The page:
students had a sneak peek of sections of this Sunday’s New York Times days before anyone else after getting a behind the scenes tour of the iconic newspaper’s printing operation.
The visit of the specially-built plant was arranged by De Montfort University Leicester (DMU) lecturer Gurvinder Aujla-Sidhu as part of a packed programme of academic activities.
The New York Times – whose motto is “all the news that’s fit to print” – is the second-largest paper in America, selling 551,000 a day and well over 1.1 million copies of its Sunday edition.
For more than 80 years it was printed in Times Square, until it moved to a purpose-built facility in Flushing, Queens. The print operation is fully automated and monitored by supervisors who can track the progress of each edition. Up to 80,000 papers an hour can be printed.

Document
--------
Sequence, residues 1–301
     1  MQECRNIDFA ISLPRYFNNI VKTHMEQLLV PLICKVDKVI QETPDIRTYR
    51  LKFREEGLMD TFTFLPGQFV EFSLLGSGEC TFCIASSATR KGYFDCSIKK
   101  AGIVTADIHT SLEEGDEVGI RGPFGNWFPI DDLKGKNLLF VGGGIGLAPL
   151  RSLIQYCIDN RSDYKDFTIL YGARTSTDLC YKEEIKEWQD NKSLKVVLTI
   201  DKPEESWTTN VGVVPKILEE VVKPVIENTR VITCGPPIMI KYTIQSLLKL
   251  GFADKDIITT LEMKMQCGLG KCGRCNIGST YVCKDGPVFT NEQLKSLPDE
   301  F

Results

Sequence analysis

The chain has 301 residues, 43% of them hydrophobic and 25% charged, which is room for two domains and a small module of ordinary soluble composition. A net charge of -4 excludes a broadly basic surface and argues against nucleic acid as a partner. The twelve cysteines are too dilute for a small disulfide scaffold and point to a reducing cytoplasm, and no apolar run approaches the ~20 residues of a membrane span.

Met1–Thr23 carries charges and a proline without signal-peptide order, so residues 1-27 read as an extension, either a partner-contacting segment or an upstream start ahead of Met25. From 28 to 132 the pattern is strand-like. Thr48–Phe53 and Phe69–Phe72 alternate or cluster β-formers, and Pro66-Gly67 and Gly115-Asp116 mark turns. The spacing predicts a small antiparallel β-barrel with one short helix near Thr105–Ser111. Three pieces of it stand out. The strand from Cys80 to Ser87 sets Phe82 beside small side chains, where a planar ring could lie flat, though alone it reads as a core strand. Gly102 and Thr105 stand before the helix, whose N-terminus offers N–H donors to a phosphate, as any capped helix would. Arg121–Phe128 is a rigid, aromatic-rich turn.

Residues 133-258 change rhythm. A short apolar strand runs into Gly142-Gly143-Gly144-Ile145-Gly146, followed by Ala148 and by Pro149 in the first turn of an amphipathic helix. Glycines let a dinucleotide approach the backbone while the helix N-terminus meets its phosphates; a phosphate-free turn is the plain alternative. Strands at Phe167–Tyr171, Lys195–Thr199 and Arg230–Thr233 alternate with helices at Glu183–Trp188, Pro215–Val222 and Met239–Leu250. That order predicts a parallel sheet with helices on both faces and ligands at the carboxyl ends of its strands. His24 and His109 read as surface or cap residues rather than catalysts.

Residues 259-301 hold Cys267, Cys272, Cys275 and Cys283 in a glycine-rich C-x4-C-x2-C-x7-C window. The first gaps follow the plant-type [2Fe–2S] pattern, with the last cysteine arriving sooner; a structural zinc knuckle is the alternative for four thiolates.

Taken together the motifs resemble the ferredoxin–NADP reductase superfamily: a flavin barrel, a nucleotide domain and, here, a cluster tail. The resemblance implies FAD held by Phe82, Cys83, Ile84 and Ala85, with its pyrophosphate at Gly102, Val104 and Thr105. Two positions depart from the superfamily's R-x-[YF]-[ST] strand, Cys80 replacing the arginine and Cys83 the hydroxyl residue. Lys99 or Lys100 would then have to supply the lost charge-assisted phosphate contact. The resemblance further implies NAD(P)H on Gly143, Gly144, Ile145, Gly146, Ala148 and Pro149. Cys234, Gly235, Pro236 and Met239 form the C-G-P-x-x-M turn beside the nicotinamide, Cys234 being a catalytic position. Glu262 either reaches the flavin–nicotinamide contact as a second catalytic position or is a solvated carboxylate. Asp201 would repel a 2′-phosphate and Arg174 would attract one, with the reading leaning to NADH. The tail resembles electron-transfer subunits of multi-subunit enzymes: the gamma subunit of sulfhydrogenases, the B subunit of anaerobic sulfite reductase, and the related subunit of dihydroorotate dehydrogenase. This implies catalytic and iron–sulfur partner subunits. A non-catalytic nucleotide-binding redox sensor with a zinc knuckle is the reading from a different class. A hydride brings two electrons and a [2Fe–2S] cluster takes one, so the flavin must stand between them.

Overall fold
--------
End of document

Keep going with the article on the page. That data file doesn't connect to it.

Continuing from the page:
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Gurvinder said: “For myself and the students we gained a useful insight into how the stories written by journalists actually make it to the news stand. The huge amount of work that goes into the operation is generally overlooked.”
The newspaper’s Sunday edition is famously huge – it holds the Guinness Book of Records for the largest single issue which was printed on September 14, 1987 weighing 12lbs and containing 1,612 pages.
Students were able to take back a copy of Sunday Times’ travel section and read it before New Yorkers.
Lorna White, third year Journalism and Media student, was among the group who also covered the tour on DMU’s Snapchat channel. She said: “It was interesting seeing how it’s all put together. We got our own copies of Sunday’s paper it’s so big they print the sections during the week.”
Posted on Saturday 7th January 2017